In the choppy, uncertain waters of the Mediterranean, the German nonprofit Sea-Watch conducts rescue missions for the thousands of migrants sailing from North Africa to Europe in overcrowded, poorly constructed vessels. Director Skye Fitzgerald (50 Feet From Syria) tags along to document the humanitarian crisis, profiling several rescued migrants as well as Jon Castle, a longtime captain on Greenpeace sea missions who turns up to aid in the rescues.
Lifeboat avoids some of the traps of films like Fire at Sea, another recently nominated documentary on the European migrant crisis, by getting to know both the migrants and the rescuers as people, not just symbols. It's certainly not without its grandstanding, but the film communicates the bleak prospects facing its subjects in cinematic language: for example, a long pan of a Sea-Watch worker slashing and setting fire to an emptied migrant boat to prevent human traffickers from reusing it. Fitzgerald also takes the time to paint a complete picture of the terrible options available to the displaced people, visiting the coast of Libya to show what happens to those who do not risk the journey.
A Night at the Garden
Bonds between Americans and Nazis share a much deeper, darker history than what the country saw in Charlottesville, a history that we forget at our own peril. The German-American Bund brought together thousands of Hitler-supporting patriots in the run-up to WWII, most infamously culminating in a 1939 "pro-America rally" at a packed Madison Square Garden. Flanked by stars, stripes, and swastikas, the Bund's führer, Fritz Kuhn, recited the Pledge of Allegiance, then denounced the "Jewish-controlled press" and praised right-wing media demagogues like Father Charles Coughlin. The crowd of proud Americans gave "seig heil"s and cheered like mad.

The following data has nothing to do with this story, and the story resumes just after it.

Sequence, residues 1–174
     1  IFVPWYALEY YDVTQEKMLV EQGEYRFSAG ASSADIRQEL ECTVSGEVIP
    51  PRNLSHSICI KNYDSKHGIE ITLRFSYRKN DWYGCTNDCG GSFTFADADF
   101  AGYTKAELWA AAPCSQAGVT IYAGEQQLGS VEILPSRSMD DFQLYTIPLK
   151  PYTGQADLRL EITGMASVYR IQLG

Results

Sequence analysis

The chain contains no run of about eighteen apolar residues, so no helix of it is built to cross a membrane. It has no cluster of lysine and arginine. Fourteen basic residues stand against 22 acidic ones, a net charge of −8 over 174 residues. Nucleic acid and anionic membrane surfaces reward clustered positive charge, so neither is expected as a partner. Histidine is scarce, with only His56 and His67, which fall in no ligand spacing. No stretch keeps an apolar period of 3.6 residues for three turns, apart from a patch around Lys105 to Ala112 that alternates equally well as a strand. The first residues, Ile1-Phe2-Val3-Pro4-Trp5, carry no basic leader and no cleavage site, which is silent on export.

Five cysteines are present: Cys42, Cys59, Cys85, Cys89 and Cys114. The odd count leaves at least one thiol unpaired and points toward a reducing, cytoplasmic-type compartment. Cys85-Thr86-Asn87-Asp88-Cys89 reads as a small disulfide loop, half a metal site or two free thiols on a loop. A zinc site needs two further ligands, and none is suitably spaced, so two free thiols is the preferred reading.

In a scant six minutes of archival footage, director Marshall Curry delivers an emotional wallop. We see Kuhn whip his bloodthirsty audience into a frenzy of hate; we see a protester attempt to storm the stage before being restrained by police; we see uniformed Bund children onstage cheering the violence. Never leaving the rally, nor breaking the spell with any talking heads to assure us it's all over now, A Night at the Garden blithely rejects the idea that we have moved on from our shared, horrific past.
Period. End of Sentence.
The invention of a low-cost sanitary pad machine has sparked a women's health revolution in India, which is still fighting an uphill battle to educate both men and women on the topic of menstruation. But most of the media coverage of this phenomenon, including last year's biopic Pad Man, has focused on the machine's male inventor, Arunachalam Muruganantham. By contrast, Period. End of Sentence. profiles the women who work the machine and endeavor to sell the pads in rural villages, seeking to improve not only the national hygiene but also their own independence.
Director Rayka Zehtabchi hews close to the inspirational-narrative playbook: one of her subjects is an aspiring police officer, so the film dutifully shows her in class and training alongside her male cohorts. She also captures moments that reveal how little her subjects know about feminine hygiene: schoolboys have no idea what a "period" is, while one young woman's uncle thinks they are making diapers. The Pad Project, the nonprofit backing the film, is working to install pad machines in new markets across the country; this movie should help to further its mission.
Andrew Lapin's Predictions
Will Win: Lifeboat